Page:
Reach: Ford - Stories of Strength 2020_October 2020
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“I can remember one time she literally came home in tears. She went to all these stores and she couldn’t find dolls that really represented our little girls.”

That’s what Trent Daniels, a businessman from Houston, Texas said inspired him to create a line of ethnic-looking doll babies for his girls and yours.

Daniels was further shocked when he did his own research. He noticed the stores had hundreds of different white dolls; but when it came to ethnic dolls, there was only a scattering and the quality was poor.

This dad found that so unacceptable he decided to do something about it. In 2011 he created “The One World Doll Project” line – an assemblage of high quality dolls of diverse ethnic persuasions such as African-American, African native, Asian (and south Asian), and Hispanic. And to further demonstrate the differences within the races, he made sure his dolls reflected real-life variations.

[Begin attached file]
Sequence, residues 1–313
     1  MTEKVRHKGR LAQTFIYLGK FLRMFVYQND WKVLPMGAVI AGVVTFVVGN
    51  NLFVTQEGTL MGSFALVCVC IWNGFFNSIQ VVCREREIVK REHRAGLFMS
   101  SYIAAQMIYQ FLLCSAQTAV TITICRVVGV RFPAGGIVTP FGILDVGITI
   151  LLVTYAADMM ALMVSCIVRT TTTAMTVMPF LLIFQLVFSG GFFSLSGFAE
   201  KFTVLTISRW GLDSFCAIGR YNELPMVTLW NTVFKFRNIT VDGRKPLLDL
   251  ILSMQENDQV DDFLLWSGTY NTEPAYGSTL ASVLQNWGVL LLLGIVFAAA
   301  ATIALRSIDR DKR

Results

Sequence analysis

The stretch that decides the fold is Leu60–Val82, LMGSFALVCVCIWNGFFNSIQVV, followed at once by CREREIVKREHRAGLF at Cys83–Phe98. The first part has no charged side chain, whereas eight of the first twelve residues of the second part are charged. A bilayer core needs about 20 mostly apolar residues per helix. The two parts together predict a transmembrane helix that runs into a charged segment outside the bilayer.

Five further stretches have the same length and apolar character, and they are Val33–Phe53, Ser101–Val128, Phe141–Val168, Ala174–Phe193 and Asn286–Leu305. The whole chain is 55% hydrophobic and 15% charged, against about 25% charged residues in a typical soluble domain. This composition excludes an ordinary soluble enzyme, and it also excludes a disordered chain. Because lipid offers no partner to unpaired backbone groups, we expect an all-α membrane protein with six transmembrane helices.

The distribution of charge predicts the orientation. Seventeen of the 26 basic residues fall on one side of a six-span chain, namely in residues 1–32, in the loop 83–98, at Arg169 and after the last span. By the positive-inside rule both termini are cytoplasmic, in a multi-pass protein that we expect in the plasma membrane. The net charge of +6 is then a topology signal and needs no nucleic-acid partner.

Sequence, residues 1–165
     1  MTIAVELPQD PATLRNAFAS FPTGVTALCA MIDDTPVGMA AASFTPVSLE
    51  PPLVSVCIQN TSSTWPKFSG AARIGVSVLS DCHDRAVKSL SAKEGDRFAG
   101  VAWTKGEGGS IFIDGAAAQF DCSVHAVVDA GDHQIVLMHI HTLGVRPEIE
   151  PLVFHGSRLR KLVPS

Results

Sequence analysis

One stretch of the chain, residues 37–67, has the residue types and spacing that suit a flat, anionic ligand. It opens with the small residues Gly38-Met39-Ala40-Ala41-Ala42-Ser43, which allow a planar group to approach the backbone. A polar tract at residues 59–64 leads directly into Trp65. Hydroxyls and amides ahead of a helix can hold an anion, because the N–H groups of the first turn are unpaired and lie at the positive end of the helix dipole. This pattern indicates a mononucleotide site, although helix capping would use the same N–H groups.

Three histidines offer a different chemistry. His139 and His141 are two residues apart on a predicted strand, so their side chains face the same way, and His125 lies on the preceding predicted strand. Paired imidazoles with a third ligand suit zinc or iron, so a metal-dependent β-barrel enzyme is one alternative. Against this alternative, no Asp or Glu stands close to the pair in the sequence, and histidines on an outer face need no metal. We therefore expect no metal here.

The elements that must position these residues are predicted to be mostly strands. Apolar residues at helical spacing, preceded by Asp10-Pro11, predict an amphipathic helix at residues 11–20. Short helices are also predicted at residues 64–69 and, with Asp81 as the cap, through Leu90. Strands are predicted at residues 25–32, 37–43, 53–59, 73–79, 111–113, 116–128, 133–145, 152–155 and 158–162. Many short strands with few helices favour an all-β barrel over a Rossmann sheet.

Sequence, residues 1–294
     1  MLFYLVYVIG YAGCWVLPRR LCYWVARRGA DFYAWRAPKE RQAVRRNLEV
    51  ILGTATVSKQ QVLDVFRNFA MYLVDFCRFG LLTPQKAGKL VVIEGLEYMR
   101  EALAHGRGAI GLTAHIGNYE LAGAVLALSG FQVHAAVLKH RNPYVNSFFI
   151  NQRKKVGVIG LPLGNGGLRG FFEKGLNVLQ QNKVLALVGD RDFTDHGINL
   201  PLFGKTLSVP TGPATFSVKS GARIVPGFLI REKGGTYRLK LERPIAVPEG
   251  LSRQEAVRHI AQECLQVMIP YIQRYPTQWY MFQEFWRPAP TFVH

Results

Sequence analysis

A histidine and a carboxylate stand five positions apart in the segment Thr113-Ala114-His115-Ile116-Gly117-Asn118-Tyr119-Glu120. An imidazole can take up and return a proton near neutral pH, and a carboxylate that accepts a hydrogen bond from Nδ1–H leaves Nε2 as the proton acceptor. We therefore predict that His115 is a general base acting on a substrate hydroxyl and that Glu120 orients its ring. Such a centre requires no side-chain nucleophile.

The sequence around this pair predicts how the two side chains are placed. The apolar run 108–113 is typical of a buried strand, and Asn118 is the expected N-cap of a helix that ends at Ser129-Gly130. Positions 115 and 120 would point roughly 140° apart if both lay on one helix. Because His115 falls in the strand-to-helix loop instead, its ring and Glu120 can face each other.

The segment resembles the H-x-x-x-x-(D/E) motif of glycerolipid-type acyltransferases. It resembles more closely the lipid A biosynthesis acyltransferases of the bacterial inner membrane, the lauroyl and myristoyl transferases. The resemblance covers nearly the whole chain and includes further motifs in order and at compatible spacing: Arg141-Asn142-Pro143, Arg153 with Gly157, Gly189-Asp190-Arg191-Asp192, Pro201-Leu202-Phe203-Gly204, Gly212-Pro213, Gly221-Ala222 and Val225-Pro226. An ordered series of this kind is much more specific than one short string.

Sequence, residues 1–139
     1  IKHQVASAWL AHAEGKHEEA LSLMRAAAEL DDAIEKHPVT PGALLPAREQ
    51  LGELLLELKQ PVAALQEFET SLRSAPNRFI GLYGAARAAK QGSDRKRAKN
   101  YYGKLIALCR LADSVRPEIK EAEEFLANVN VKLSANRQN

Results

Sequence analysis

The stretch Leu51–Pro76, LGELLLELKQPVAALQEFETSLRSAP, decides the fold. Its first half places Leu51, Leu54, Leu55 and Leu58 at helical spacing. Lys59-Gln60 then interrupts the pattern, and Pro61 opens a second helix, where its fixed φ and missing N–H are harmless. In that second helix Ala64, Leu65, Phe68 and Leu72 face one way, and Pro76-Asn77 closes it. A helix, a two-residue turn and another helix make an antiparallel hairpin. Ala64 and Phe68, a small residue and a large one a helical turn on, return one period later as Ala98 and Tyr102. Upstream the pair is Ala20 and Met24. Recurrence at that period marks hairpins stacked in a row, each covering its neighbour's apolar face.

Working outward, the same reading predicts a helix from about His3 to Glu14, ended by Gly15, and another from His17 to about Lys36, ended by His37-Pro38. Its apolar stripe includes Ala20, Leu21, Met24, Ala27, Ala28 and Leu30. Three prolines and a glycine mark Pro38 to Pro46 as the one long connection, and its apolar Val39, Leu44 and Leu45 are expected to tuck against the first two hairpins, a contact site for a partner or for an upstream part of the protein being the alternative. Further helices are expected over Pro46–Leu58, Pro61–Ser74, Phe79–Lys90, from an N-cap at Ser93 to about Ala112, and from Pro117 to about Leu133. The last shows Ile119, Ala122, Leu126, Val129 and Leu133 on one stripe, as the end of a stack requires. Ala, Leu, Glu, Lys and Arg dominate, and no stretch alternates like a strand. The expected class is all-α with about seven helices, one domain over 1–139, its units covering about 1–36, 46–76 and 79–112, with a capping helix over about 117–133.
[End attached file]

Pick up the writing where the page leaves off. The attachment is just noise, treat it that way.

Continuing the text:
“My daughters all have different skin tones,” Daniels said. His dolls have different skin tones as well, as well as slight differences in the head molds.

In the process of creating the dolls, Daniels was confronted with another ‘real-life’ situation. With most consumers’ unhealthy fascination with everything thin, he says even little girls won’t buy  heavier dolls.

“Unfortunately as far as the market is concerned, a heavier weight doll does not sell as well,”  he admits.

The One World Doll Project has grown exponentially since 2011 though. Daniels’ dolls only brought in $3,000 dollars that year compared to nearly $120,000 in 2014. The company is positioned to bring in their first million this year.

The Pretty Girls designer, Stacey McBride, with fans of The One World Doll Project

Daniels “One World Doll Project” dolls are currently on sale at 200 HEB stores and 3,000 Walmart stores. The company recently announced that placed a first order of their “The Pretty Girls” dolls as well.

And in 2016, they will sell at Target and Toys R Us.

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